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Understanding the Hierarchy of Fall Protection to Avoid Fall Protection Misuse

The Hierarchy of Fall Protection is the recommended order of control to eradicate or decrease fall hazards. This technique depicts usual safety practices for hazard reduction, from elimination to administrative controls. Employing the data obtained from the fall hazard assessments, solutions within the hierarchy can be used on the hazards.

1. Hazard Elimination

The preferent solution to each fall hazard is elimination. The reason behind exposure to the fall hazard is tested to establish if changing the procedure, practice, location or equipment will block exposure to the fall hazard. Indicating HVAC (Heating, Venting and Air Conditioning) equipment be installed on the ground, or in an equipment room instead of by the edge of the roof, is one demonstration of hazard elimination.

2. Passive Fall Protection

Physical barriers – for example, guardrails for unprotected edges and covers on holes – are types of passive fall protection. Passive protection is essentially employed to increase level of safety because the chance for error is lower than with using personal protective equipment (PPE). The initial costs of passive protection, while probably high, are generally more efficient than PPE’s long-term costs. Passive protection may however not be guaranteed if fall hazard exposure is limited in terms of frequency and duration. An complete hazard assessment supplies the information vital to making these types of decisions to increase cost-effectiveness.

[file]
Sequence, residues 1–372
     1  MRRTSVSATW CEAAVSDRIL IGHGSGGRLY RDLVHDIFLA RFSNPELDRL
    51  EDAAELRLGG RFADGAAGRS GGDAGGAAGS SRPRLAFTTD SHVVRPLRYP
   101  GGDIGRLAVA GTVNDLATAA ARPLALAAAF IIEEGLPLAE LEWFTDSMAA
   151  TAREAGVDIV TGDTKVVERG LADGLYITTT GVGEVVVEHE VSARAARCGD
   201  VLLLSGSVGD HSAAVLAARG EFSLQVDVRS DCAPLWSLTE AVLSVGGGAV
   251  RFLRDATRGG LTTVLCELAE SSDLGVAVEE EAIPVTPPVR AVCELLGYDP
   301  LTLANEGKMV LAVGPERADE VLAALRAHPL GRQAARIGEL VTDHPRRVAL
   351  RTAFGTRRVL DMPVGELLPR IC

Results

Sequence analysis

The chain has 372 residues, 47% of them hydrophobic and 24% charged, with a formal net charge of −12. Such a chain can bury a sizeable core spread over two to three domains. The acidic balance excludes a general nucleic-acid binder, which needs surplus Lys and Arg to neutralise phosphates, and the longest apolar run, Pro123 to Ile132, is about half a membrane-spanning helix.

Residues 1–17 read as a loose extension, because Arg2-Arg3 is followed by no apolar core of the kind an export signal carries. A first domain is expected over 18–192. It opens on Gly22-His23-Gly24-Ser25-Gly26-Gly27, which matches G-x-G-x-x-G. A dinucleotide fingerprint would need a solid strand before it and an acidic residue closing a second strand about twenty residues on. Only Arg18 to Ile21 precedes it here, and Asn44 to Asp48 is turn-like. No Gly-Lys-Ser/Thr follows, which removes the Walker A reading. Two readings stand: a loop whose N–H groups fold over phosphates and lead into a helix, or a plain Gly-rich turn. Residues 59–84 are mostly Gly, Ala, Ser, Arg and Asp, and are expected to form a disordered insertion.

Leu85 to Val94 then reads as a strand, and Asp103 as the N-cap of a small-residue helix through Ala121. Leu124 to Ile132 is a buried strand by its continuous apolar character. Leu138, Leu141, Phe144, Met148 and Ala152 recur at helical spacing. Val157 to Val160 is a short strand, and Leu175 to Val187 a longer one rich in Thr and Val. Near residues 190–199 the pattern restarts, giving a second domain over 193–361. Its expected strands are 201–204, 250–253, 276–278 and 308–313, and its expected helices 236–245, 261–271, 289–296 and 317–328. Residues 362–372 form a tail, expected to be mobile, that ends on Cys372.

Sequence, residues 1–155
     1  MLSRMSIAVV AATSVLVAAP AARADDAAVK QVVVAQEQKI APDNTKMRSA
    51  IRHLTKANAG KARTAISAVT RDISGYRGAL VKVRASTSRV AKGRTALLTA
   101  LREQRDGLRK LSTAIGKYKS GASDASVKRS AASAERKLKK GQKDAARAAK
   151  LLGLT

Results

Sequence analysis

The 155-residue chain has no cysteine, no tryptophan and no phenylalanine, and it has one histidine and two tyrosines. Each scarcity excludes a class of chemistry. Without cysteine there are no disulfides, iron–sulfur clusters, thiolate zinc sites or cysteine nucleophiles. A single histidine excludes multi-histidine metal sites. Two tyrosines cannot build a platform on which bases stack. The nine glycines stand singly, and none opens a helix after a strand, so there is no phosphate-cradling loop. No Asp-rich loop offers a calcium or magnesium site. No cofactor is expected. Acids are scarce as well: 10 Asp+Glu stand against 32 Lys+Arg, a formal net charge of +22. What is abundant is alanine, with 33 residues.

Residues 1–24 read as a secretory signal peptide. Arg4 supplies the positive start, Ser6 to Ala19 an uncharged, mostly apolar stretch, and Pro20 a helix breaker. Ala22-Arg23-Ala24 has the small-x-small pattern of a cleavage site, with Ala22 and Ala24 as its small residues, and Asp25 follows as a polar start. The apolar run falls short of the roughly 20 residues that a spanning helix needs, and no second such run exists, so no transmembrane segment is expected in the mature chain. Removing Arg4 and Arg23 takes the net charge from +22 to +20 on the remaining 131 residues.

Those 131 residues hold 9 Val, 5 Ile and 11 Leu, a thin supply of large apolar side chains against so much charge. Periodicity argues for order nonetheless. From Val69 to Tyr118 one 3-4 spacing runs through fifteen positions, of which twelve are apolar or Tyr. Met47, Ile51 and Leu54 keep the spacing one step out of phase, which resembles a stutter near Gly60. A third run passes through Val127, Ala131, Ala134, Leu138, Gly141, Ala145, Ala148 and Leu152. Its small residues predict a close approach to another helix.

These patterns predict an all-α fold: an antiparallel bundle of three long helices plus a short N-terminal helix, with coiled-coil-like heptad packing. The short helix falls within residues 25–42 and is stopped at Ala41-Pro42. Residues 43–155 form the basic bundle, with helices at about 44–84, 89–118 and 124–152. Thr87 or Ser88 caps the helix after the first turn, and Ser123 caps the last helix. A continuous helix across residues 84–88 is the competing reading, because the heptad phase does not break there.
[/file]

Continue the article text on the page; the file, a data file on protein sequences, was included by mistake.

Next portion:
3. Fall Restraint Systems

Fall restraint systems are set up to prevent falls from occurring. Fall restraint systems depend on PPE to limit the worker’s range of movement so they cannot go anywhere near the fall hazard. While fall restraint systems are typically underutilized as they are not mentioned in particular in a lot of regulations, they remain preferred over fall arrest systems. Free fall distance is not a concern for fall restraint systems, thereby practically eliminating arresting forces, secondary injuries, clearance requirements and the like.

4.Fall Arrest Systems

Fall restraint systems are set up so that falls are allowed by will be arrested within safe force and clearance limits. Fall arrest systems have a greater accompanying risk, since the falling worker has to be stopped with an acceptable amount of force and kept from touching the ground or surrounding structure. Proper training for both fall restraint and fall arrest systems is crucial.

5. Administrative Controls

Administrative controls are preventive solutions applied to minimize the probability of a fall. Such include warning horns, control lines, safety monitors, and more. It must as well be noted that OSHA controls the use of several administrative controls, and it rests upon the fall protection program administrator to determine the regulations and jurisdictions relevant to them.

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